There's been a bit of chatter regarding a tweet made by Salt and Light's Fr. Thomas Rosica regarding a particularly nasty bit of writing. In Fr. Thomas Rosica's defense, it has to be said that he is not the originator of the nastiness; he's actually paraphrasing the last line of the article to which he linked: What Is a Catholic Family? by Peter Maneau, which appeared a few days ago in the Opinion Pages of the New York Times. At the same time, however, it's hard not to see the paraphrase as an open endorsement of the comparison itself. Which, with all the charity I can muster, is positively horrid.
We are first met with the tired ad hominem argument that priests, bishops and cardinals are unable to speak from experience when it comes to matters of sexuality and family life. Does anyone actually give credence to such twaddle? Each and every one of these men were raised - contrary to popular belief, apparently - in a human family, and witnessed first-hand the tests and trials of dedicated parents in raising their often large families. I'd wager that most if not all of them have numerous brothers and sisters, many of whom did not enter religious life but instead went on to start families of their own. And is there anyone who is not by now aware of the fact that a considerable number of priests and even bishops struggle with the temptation of succumbing to inherently disordered sexual behavior? (Bishop Kieran Conry, anyone?) These men know exactly what a life of dedicated chastity means. So, yes, they are perfectly well-qualified to speak with authority on matters pertaining to the proper use of human sexuality and healthy family life.
Furthermore, the author willingly ignores the well-known truth regarding the paragraphs pleading for "valuing the homosexual orientation" in the first Relatio, i.e., that they were introduced secretly by one man: Bishop Bruno Forte. Given this fact, it should not surprise us in the least that the overwhelming majority of bishops and cardinals strongly objected to the paragraphs, as they were in no way a truthful representation of the discussions of the first week. The real news here is not that the participants "backtracked" on their previous statements, but rather that one very sneaky bishop tried to pull a fast one on the whole world and suffered zero consequences for his shameful actions.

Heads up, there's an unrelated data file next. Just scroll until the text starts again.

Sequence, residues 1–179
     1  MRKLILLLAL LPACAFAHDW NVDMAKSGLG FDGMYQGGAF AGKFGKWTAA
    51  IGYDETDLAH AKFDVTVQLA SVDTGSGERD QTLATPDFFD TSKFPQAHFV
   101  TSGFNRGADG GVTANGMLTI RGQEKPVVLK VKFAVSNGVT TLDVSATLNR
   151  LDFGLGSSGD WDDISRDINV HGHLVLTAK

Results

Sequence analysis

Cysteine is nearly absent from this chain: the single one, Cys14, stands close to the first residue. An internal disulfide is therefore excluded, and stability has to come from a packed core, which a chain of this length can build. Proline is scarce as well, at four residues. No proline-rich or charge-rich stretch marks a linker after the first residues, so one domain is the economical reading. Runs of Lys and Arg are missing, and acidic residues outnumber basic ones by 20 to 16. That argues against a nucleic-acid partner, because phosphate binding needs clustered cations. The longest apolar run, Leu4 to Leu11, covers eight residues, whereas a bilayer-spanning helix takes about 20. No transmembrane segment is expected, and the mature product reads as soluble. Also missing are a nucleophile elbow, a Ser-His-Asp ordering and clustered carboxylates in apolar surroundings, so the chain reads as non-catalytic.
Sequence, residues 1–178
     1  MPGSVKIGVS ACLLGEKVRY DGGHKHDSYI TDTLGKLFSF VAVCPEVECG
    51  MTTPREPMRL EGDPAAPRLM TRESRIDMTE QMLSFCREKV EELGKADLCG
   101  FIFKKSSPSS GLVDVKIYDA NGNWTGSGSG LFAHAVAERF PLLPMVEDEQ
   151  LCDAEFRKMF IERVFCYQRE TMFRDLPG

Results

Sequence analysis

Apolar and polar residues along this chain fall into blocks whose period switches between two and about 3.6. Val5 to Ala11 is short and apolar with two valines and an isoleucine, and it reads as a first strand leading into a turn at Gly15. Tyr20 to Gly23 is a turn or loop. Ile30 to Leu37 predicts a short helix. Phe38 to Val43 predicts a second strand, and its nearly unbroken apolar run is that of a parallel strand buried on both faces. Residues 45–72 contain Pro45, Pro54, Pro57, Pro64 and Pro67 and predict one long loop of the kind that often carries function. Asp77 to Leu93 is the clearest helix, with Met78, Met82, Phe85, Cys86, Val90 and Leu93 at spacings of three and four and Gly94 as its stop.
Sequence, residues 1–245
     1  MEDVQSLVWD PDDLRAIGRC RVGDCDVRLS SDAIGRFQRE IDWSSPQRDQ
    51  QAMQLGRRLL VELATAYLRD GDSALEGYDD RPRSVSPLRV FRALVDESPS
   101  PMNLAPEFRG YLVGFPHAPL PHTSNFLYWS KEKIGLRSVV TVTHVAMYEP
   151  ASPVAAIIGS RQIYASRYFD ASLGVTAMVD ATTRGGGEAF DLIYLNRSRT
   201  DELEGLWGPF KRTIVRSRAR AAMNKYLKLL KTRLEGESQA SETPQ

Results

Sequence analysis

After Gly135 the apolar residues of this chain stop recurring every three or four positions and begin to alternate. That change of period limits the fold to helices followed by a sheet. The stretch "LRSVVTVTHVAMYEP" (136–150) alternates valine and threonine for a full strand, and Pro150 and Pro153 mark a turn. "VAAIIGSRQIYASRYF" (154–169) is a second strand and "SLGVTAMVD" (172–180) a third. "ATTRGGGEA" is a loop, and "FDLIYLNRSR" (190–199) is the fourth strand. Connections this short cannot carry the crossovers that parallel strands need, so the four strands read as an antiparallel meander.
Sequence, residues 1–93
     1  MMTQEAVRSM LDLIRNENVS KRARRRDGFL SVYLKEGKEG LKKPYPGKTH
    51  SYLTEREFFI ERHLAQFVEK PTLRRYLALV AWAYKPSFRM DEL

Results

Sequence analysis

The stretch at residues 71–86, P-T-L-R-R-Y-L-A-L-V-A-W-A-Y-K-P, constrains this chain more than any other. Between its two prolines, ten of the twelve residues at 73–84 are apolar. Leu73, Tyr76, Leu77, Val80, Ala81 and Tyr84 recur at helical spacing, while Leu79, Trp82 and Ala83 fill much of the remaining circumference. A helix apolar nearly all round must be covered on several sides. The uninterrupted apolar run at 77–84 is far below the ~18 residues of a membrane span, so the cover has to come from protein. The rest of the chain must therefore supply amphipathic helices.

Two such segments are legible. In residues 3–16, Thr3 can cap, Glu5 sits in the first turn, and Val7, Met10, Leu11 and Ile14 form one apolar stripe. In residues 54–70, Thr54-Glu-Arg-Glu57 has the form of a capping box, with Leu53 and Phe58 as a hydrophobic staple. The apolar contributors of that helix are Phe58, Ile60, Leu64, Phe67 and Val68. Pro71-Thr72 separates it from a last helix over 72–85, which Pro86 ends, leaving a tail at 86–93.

The author goes on to imply that the Church, by spending more time discussing the importance of marriage in the life of Catholics today, is somehow breaking with her past, which placed the state of consecrated virginity above that of married life - as though the two are now to be seen as equals. On the contrary, it is a defined canon of the Council of Trent (Session 24, Canon 10), that "if any one saith, that the marriage state is to be placed above the state of virginity, or of celibacy, and that it is not better and more blessed to remain in virginity, or in celibacy, than to be united in matrimony: let him be anathema." The 2015 Synod could shower reams of flowery praise upon marriage, and it wouldn't change a thing regarding the rightfully elevated status of consecrated virginity.
In what one could be forgiven for assuming would be the apex of this particular article's malicious obtuseness, the author flatly labels what has been the historical norm regarding marriage, i.e., the lifelong union of one man and one woman in mutual, loving support for the procreation and rearing of children, as "an unattainable ideal". I'll be sure to pass on the note to my spouse that our marriage has officially hit "mythical" status.
If you think we've reached the bottom of the barrel, gentle reader, brace yourself. The author shows us that he is prepared to dig well beyond the barrel floor and into the filth beneath it. He proceeds to produce what has to be one of the most stunningly perverse and utterly sacrilegious comparisons ever made: the Holy Family was the forerunner of modern "irregular unions".
Yup. He went there. He just equated this:
There is obviously no limit to the depths people will sink to promote the disorder of human sexuality in the Church. Even if it means digging their way to hell.